Female inmates in California's prisons have been sexually assaulted by male inmates who identify as women. In response, the state has tightened restrictions on biologically female prisoners.
Since 2021, California has allowed 47 male prisoners who identify as transgender or "nonbinary," many of whom do not even attempt to appear female, to transfer to women's prisons. While the state has not disclosed how many of these male transfers have attacked female prisoners, a legal challenge from female inmates reviewed by the Washington Free Beacon reveals the troubling real-world impact of California's progressive policy.
Faced with the prospect of unruly biologically male inmates, California prisons increased restrictions on movement in women's prisons. Guards now carry stronger pepper sprays for the times they need to break up unruly behavior. Women's prisons installed condom dispensers, a tacit admission that transgender inmates are raping female inmates. Female prisoners recount guards ignoring reports of sexual assault and rape threats from male inmates—and some say guards punished them for reporting the harassment.
As California's female inmates pay the price for the state's "inclusive" policy, the Biden administration is pushing a similar agenda at the federal level. In January 2022, the Department of Justice revived an Obama-era policy that encouraged prison officials to consider the "health and safety" of transgender prisoners when determining where to sentence them.
California Democrats used the same "health and safety" standard when they passed SB 132 in 2020. Gov. Gavin Newsom (D.) signed the bill into law that same year, officially allowing male prisoners to enter women's prisons. As the law took effect in January 2021, the Newsom administration ordered the mass distribution of condoms within women's prisons, on the assumption that the policy would lead to more sex behind bars.
According to the California Department of Corrections and Rehabilitation, 1,679 inmates in the state's prison system said in 2021 that they were transgender, up from just 131 in 2014. A February 2021 report by the state senate notes that the corrections department "believes that the recent growth in the transgender inmate population is due to agency efforts" to transfer inmates based on their chosen "gender identity."
Though the law extends to all transgender prisoners, only biological males have had transfers approved so far. The state has not signed off on any of the 11 biological women who have requested transfers to male prisons. Forty-seven of the 342 males petitioning to enter one of the state's three female penitentiaries have been approved. Twenty have been denied, and 30 have dropped their requests.
Prior to the law's passage, the few male inmates who had undergone sex change operations were already incarcerated in female prisons, with no apparent issue. But in early 2021, female inmates suddenly found themselves cheek by jowl with unabashedly male inmates.
Krystal Gonzalez, one of four female inmates suing to overturn the law, testified that she received no recourse after one of the "transgender" prisoners sexually assaulted her. When she reported the abuse, guards would not even acknowledge that a man had committed the act, referring to him instead as a "transgender woman with a penis."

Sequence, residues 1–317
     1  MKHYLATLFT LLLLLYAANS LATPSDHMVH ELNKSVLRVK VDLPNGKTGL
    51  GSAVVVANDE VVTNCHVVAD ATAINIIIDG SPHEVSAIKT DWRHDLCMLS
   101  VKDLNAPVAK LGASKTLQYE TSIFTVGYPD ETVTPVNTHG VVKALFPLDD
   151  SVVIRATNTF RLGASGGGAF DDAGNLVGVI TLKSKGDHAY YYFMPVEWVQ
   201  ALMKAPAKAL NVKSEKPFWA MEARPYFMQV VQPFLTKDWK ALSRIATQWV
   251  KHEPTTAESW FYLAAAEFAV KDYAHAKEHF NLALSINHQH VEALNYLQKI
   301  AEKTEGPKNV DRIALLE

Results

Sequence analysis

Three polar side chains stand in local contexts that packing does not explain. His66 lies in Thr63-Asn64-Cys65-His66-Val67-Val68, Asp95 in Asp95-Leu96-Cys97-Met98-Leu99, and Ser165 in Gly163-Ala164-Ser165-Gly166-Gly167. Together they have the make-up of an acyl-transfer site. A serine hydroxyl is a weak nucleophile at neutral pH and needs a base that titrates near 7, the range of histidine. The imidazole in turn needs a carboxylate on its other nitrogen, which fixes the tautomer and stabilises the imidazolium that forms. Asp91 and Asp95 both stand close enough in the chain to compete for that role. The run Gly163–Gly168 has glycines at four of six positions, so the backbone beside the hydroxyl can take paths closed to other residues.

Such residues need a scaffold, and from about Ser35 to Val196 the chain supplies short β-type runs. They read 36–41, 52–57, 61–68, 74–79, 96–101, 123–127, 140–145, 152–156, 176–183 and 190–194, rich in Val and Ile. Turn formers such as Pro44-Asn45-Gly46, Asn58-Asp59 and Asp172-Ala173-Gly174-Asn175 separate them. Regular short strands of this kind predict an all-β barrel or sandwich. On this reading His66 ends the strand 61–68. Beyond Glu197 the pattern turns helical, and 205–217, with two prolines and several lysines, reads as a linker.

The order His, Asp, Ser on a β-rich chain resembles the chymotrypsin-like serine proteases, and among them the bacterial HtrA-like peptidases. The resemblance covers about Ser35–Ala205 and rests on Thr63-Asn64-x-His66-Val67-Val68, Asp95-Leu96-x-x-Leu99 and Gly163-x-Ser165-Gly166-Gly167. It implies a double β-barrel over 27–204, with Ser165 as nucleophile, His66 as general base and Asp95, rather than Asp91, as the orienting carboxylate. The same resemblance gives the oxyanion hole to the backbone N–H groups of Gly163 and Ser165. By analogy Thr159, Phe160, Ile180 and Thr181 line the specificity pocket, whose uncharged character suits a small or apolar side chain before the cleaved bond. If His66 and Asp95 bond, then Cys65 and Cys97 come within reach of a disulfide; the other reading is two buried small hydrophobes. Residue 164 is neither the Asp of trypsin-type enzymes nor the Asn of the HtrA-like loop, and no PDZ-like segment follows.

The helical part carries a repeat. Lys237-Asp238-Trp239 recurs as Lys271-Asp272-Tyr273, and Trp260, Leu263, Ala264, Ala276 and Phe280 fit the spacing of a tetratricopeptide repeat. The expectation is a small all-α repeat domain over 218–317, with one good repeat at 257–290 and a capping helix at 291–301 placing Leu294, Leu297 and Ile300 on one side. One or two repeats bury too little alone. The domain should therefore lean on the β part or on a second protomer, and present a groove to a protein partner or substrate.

"This worsens my distress because I do not believe they can really evaluate my grievance if they are pretending that women can have penises," Gonzalez said. "This man violated me, and when the prison tries to tell me it was a woman, I feel violated again."
Other inmates say that prison guards seem to always side with biological men.
That was the experience of Sagal Sadiq, a biological female who identifies as a transgender man, who witnessed a 6'3" male transfer regularly leering at a female prisoner in the bathroom. Sadiq reported the offense to the guards, but they did nothing. When the leering inmate confronted Sadiq about the complaint, the guards responded by frisking Sadiq, the prisoner who was being spied on, and a third inmate who intervened on the victim's behalf. All three were then locked up in isolation.
Prisoners' "knowing that they will not only be unprotected, but also actively punished for reporting, is an effective way for the prison to reduce complaints that they don't want to deal with," Sadiq said.
Beyond the physical threats, women say the prison culture is generally tenser and they are losing their sense of community and cohesion. Security changes "limit what little freedom the women have in prison," said inmate Tomiekia Johnson, a complaint echoed by others.
A spokeswoman for the California Department of Corrections and Rehabilitation denied that women's penitentiaries have made any security changes since the law took effect. She also said that officials do not track which sex offenders in their custody are transgender.
In a 2022 public record obtained by the Free Beacon, however, the Corrections Department states that a high number of California's self-described transgender inmates seeking transfer are sexual predators. One-third of the 287 men applying for women's prisons were registered sex offenders, while a quarter had been convicted of sexual crimes. The spokeswoman did not offer comment on these data.
As female prisoners fight for their safety, Democratic lawmakers defend their law. California attorney general Rob Bonta (D.) dismissed female prisoners suing to overturn the law as "offended observers" opposed to the "equal treatment of all women regardless of their gender identity."